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MOVIE REVIEW
The World's End (2013)

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Laurie Sparham/Focus Features

“The World’s End” is the third part in a loose trilogy of films directed by Edgar Wright, which started with “Shaun of the Dead” and continued with “Hot Fuzz.” This new film is a sort-of sequel to “Shaun of the Dead,” both for the characters, who are taking refuge in a pub from hordes of zombie-like people, and for the filmmakers, representing a homecoming for the director after “Scott Pilgrim vs. the World” and for stars Simon Pegg and Nick Frost after “Paul.” The characters in “The World’s End” are older and more world-weary, though, with the disappointments and missed opportunities of their lives pressing on their minds as they approach middle age.

Gary King (Mr. Pegg) was the coolest kid in school in the early 1990s, a young man at the prime of his life who was certain that the future would hold great things for him. Twenty years later, the fast-approaching-40 Gary hasn’t changed. He is desperately trying to keep memories of his past glories alive, and to do this he reunites his old school friends — including Andy (Mr. Frost), Steven (Paddy Considine), Oliver (Martin Freeman) and Peter (Eddie Marsan) — to return to their hometown and go on an epic pub crawl with him. The aim is to finish their drinking challenge, an event that was unfinished in their teenage years: ending their boozy trip at The World’s End pub.

All of these characters are at some kind of midlife crossroads and are confronted with unresolved matters from their past. One of these issues is Sam (Rosamund Pike), Oliver’s sister and a significant figure who stirs up lusty memories in Gary and feelings of a missed relationship opportunity in Steven. However, as the old friends try to reconcile their problems and come to terms with their lives, they discover that something is not right in the town, with things looking the same but feeling different. Soon, their homecoming celebration becomes a fight for survival against hordes of aliens, with the alcohol-fueled odyssey turning into a battle for survival.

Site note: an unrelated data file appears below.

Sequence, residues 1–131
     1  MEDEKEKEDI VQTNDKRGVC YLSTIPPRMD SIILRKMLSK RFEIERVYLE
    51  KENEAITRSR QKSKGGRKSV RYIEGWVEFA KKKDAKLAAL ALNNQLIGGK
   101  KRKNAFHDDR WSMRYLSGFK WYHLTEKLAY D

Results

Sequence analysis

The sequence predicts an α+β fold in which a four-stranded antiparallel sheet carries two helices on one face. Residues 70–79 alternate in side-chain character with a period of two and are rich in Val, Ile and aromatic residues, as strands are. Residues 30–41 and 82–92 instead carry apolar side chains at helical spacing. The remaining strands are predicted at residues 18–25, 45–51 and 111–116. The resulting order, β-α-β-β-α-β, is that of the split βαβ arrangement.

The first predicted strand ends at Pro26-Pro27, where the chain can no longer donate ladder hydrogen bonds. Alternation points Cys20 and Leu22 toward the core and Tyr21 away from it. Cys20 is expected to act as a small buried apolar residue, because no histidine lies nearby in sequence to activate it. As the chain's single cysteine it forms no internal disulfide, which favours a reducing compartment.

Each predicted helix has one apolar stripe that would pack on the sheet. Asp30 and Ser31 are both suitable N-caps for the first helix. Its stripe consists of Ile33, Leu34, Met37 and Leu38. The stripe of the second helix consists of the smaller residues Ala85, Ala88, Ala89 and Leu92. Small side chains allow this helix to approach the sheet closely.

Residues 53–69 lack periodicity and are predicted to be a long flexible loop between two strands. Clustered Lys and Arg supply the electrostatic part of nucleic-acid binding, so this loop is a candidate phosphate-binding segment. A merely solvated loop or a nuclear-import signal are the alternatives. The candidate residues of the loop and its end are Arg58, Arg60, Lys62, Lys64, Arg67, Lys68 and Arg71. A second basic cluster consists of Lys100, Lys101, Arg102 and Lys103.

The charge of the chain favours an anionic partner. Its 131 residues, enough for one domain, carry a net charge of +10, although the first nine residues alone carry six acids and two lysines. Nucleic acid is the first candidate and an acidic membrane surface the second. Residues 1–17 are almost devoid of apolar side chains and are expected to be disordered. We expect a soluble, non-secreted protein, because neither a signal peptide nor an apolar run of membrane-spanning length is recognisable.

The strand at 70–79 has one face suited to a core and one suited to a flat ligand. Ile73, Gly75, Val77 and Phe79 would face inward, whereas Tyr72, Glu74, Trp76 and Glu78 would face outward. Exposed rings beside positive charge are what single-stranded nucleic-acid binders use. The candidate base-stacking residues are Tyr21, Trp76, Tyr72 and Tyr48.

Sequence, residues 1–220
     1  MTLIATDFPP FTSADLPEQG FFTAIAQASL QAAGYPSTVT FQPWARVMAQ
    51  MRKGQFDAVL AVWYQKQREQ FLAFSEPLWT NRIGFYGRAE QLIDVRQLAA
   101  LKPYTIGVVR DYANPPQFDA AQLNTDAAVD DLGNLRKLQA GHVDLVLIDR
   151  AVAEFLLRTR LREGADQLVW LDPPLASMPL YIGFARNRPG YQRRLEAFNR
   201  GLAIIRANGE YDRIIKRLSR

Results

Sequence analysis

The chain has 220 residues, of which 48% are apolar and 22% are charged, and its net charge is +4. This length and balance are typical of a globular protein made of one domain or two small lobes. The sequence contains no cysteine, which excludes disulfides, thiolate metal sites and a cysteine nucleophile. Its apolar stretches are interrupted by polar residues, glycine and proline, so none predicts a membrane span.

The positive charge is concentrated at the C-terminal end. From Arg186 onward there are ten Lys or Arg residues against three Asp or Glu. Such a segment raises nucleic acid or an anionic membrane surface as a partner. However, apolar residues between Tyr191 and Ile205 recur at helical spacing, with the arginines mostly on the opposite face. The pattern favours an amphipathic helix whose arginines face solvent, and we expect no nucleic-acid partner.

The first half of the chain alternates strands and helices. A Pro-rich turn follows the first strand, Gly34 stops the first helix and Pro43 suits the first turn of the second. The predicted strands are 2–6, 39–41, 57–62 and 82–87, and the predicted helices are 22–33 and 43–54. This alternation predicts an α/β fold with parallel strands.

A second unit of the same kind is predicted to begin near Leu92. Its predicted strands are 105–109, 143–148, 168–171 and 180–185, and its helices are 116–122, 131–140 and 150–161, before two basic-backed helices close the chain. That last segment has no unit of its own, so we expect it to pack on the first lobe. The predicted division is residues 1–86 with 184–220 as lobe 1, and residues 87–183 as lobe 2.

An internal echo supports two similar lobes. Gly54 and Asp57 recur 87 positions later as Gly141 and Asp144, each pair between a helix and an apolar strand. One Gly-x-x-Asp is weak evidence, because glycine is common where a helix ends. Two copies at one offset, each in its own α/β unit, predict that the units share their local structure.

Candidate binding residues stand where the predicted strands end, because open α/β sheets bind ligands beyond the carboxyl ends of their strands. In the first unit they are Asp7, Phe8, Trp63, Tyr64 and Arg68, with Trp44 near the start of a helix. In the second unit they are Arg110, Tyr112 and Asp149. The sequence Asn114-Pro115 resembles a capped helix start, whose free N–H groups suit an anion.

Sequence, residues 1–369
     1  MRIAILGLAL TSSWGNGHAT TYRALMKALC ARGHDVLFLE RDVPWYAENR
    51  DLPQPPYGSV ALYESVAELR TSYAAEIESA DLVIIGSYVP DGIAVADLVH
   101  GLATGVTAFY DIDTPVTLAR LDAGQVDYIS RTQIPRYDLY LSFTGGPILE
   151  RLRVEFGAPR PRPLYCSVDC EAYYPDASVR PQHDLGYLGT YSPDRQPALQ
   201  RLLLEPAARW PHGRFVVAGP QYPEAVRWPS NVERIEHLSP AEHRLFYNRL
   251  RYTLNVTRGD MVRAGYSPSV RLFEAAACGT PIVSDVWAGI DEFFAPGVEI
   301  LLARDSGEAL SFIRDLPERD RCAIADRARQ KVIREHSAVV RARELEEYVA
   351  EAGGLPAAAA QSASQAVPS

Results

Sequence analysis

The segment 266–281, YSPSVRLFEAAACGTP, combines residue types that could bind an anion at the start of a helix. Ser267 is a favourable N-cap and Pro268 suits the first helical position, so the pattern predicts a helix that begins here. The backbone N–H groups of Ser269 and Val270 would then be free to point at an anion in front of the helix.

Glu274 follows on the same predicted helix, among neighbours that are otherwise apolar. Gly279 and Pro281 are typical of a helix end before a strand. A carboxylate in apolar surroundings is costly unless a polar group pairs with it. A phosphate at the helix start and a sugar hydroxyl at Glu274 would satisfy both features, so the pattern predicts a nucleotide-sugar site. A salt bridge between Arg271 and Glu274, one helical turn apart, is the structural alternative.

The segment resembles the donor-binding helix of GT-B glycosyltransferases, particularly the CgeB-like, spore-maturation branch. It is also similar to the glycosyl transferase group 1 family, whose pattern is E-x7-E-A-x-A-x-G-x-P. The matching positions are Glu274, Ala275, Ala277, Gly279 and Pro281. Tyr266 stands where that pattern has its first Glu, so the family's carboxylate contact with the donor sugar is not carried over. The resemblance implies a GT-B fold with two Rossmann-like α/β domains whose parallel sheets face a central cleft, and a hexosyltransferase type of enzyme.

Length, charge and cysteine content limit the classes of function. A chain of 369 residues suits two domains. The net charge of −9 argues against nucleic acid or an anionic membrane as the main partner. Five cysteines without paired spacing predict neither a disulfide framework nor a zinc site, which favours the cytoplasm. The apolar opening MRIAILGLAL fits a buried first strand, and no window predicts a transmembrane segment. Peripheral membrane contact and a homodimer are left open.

A number of genre films in recent years — including “Man of Steel” — have opted to take a gloomy tone with very little humor. These films can feel like they’re subjecting the audience to a form of grim penance instead of sweeping them up in a breezy adventure, but thankfully “The World’s End” is very much the latter. It’s refreshing to see an escapist fantasy that’s both engaged with real-world issues in relation to British culture in general and British men in particular while still being funny and outrageous. “The World’s End,” like the previous collaborations between Messrs. Frost, Pegg and Wright, also indulges in the filmmakers’ love of their favorite Hollywood genre movies.

Mr. Wright keeps events moving along briskly, taking his characters from pub to pub without the narrative feeling episodic and allowing each character to have his or her moment, all while keeping the film light on its feet with the gags flying thick and fast even when events turn dark. Although there is a serious undercurrent to the proceedings, the film is always leavened with humor: The jokes aren’t used to cancel out the bleakness of the story, but to make the darkness bearable. “The World’s End,” like its main cinematic influence “Invasion of the Body Snatchers” (both the 1956 and 1978 versions), is a film that stands up for the rights of the individual, however flawed, and casts a doubtful, nervous eye over the cult of conformity and the blandness that can result.